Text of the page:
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Benefit sharing: An incentive mechanism for social control of government expenditure

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  • Bugarin, Mauricio
  • Vieira, Laercio
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    Abstract

    The present paper analyzes the incentives individual members of society face to contribute to a nation's efforts in controlling corruption. A Principal-Agent model is constructed, leading to the following results. First, although individual agents do have an interest in devoting a portion of their resources to the nation's control effort, the opportunity cost of the effort and a free rider problem blocks the spontaneous provision of individual support to corruption control. Second, to cope with those incentives, a new welfare improving mechanism is proposed, which aligns individual incentives with those of society at no extra cost to the government.

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    File URL: http://www.sciencedirect.com/science/article/B6W5X-4N4J33R-2/2/4e272ca0b28836f6816722c9ad35ee1e
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    Bibliographic Info

    Article provided by Elsevier in its journal The Quarterly Review of Economics and Finance.

    Volume (Year): 48 (2008)
    Issue (Month): 4 (November)
    Pages: 673-690

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    Handle: RePEc:eee:quaeco:v:48:y:2008:i:4:p:673-690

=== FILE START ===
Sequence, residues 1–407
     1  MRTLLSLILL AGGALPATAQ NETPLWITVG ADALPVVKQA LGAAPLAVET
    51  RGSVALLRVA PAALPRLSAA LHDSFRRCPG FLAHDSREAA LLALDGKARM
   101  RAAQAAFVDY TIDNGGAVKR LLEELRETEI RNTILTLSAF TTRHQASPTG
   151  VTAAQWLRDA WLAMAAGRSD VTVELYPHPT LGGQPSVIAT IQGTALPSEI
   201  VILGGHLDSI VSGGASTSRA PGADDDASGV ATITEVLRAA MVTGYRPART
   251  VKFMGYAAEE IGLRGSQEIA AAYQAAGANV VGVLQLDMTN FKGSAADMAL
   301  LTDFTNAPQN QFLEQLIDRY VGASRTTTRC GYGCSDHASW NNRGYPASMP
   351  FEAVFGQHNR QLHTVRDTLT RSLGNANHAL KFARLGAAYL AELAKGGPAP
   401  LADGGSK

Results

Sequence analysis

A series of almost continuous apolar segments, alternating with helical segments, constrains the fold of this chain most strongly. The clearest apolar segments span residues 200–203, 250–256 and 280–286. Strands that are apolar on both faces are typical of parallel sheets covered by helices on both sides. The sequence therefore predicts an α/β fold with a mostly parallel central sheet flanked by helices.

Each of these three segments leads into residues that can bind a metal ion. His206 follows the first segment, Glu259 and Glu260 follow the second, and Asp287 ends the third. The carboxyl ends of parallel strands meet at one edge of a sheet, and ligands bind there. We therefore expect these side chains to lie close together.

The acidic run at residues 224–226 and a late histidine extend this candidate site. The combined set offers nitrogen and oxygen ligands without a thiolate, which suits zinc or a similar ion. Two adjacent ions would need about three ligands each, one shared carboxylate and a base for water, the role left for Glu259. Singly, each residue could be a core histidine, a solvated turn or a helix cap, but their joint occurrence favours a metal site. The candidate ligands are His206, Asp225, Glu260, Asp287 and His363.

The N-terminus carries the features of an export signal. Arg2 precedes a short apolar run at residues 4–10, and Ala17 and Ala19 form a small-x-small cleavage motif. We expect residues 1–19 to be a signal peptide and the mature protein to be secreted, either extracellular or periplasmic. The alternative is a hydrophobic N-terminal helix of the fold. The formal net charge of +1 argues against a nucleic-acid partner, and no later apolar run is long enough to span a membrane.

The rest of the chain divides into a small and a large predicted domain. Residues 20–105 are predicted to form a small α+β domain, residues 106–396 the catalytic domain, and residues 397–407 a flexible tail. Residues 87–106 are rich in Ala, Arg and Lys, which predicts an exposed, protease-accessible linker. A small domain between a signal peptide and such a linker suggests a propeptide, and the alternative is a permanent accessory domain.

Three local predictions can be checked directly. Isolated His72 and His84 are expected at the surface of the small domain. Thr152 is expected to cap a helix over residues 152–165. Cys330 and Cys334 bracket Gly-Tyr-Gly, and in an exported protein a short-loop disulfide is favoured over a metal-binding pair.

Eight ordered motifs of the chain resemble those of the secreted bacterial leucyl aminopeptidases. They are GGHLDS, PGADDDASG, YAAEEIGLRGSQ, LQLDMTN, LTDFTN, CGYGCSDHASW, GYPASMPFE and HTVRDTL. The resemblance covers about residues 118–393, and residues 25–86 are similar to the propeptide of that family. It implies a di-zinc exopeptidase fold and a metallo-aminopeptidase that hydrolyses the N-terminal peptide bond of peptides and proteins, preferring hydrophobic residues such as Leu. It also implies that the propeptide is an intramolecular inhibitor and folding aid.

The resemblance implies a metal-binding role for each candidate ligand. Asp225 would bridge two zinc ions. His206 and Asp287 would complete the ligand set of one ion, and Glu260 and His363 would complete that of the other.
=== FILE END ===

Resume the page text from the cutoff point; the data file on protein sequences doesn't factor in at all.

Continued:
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    Web page: http://www.elsevier.com/locate/inca/620167

    Related research

    Keywords: Public finance Social control Governmental control Contract theory Incentives;

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    1. Besley, Timothy & McLaren, John, 1993. "Taxes and Bribery: The Role of Wage Incentives," Economic Journal, Royal Economic Society, vol. 103(416), pages 119-41, January.
    2. Mohsin Habib & Leon Zurawicki, 2002. "Corruption and Foreign Direct Investment," Journal of International Business Studies, Palgrave Macmillan, vol. 33(2), pages 291-307, June.
    3. Mauro, Paolo, 1995. "Corruption and Growth," The Quarterly Journal of Economics, MIT Press, vol. 110(3), pages 681-712, August.
    4. Pranab Bardhan, 1997. "Corruption and Development: A Review of Issues," Journal of Economic Literature, American Economic Association, vol. 35(3), pages 1320-1346, September.
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